CHICAGO, June 3 (Reuters) - Chicago Mercantile Exchange
(CME) feeder cattle futures gained on Thursday, lifted by lower
corn futures and firmer back-month live cattle.
"From the feeder buyers perspective, you had higher cattle
and lower corn, so thats a good deal," said Alan Brugler,
president of Brugler Marketing.
CME August feeder cattle closed 1.350 cents firmer at
152.950 cents per pound.
Nearby August live cattle futures ended 0.725 cents
lower at 118.525 cents per pound, while December live cattle
added 1.775 cents to 129.825 cents per pound.
Chicago Board of trade's most-active corn futures
dipped 13 cents to $6.62 per bushel.
Cattle slaughter resumed its normal pace on Thursday after a
cyberattack shut down operations at meatpacker JBS SA
over the weekend.
Beef packers slaughtered 120,000 head on Thursday, up 4,000
from a year ago but still down from 1,000 head a week
Wholesale beef prices jumped after news of the shutdown, but
quieted Thursday, with select cuts climbing $1.28 to $313.16 per
cwt., while choice cuts added 39 cents to $340.55 per cwt,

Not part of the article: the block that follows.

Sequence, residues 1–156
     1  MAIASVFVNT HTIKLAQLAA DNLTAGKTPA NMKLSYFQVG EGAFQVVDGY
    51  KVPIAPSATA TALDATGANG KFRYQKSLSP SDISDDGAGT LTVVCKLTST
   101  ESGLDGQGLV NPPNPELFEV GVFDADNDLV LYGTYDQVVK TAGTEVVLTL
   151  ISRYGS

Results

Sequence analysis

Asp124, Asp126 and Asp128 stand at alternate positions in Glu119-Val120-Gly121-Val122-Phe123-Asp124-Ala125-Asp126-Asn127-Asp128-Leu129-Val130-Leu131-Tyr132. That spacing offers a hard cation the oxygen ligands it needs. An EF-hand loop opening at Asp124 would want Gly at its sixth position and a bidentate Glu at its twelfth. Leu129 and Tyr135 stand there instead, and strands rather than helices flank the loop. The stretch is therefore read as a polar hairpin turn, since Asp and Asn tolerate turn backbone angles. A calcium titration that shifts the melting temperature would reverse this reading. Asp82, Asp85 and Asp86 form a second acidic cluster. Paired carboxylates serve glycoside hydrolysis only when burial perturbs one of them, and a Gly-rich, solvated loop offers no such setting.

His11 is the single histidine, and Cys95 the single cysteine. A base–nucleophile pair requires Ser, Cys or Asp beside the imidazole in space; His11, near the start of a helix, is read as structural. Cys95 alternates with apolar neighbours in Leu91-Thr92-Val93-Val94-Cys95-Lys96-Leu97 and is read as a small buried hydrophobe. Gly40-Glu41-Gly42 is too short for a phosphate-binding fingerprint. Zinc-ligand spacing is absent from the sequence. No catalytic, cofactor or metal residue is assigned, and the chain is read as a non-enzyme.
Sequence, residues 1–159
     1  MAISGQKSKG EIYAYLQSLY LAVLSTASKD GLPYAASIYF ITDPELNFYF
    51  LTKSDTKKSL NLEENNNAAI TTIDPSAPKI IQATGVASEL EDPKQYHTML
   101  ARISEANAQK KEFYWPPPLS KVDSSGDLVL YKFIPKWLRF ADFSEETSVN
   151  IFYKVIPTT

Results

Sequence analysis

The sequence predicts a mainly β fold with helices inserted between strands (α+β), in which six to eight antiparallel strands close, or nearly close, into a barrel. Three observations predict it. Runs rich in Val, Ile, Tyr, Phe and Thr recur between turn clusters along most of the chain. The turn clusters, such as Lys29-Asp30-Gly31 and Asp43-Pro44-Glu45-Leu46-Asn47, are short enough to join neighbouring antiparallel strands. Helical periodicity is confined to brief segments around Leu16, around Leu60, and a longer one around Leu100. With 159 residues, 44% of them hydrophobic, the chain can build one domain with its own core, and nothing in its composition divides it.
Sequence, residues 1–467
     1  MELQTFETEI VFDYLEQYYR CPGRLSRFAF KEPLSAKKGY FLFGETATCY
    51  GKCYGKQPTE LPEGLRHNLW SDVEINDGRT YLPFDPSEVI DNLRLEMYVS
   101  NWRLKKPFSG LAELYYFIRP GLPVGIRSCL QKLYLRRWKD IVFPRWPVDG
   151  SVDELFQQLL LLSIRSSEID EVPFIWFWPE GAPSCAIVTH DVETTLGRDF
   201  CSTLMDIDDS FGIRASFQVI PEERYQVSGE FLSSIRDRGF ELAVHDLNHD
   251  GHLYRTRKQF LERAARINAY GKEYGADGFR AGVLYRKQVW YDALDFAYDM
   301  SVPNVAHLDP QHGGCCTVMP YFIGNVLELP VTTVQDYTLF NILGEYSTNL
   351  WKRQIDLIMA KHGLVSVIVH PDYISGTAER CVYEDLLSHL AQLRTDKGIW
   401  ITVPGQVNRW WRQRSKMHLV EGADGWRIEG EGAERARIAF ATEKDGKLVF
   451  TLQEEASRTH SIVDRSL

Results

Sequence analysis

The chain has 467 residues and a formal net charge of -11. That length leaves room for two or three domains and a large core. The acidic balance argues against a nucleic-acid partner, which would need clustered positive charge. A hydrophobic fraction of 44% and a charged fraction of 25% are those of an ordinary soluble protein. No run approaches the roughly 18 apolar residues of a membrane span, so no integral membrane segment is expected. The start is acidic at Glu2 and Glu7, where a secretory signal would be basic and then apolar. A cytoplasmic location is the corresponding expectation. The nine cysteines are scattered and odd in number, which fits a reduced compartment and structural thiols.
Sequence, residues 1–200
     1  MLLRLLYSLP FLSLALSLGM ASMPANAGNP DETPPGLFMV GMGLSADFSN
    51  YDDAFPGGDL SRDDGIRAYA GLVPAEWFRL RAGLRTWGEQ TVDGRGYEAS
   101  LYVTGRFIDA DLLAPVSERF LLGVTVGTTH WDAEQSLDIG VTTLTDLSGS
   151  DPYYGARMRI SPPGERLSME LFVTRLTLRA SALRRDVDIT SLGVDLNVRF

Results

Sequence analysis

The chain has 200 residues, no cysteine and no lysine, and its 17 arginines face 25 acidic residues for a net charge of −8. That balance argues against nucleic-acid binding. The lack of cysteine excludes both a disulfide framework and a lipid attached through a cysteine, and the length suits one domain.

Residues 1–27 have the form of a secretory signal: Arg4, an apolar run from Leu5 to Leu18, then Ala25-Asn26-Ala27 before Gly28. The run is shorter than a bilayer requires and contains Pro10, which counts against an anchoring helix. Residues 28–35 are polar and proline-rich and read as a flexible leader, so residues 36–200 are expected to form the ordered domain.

according to the U.S. Department of Agriculture.
JBS and three other beef packers in the United States
account for the purchase and slaughter of about 85% of all fed
Meanwhile, hog futures climbed as firm demand pushes futures
higher, while high grain prices keep hog producers from adding
new hogs that could ease tight inventories.
CME July lean hog futures added 0.525 cents to
119.000 cents per pound, while nearly every contract found
The CME lean hog index, a two-day weighted average of cash
prices, climbed to $113.75 per cwt.
"Youve got tight inventories and good domestic demand and
the export markets not allowing any slack thats normally
where your price rationing would come in," said Brugler.
Hog slaughter was at 470,000 head, down 11,000 from a week
prior but up 30,000 from a year ago.
Hog herd expansion has been stalled by higher feed costs and
long-term demand uncertainty, Brugler noted.
"Everybodys afraid of paying too much for feeder pigs and
too much for corn, then six months later, theyre not worth
anything," he said.
(Reporting by Christopher Walljasper; editing by Richard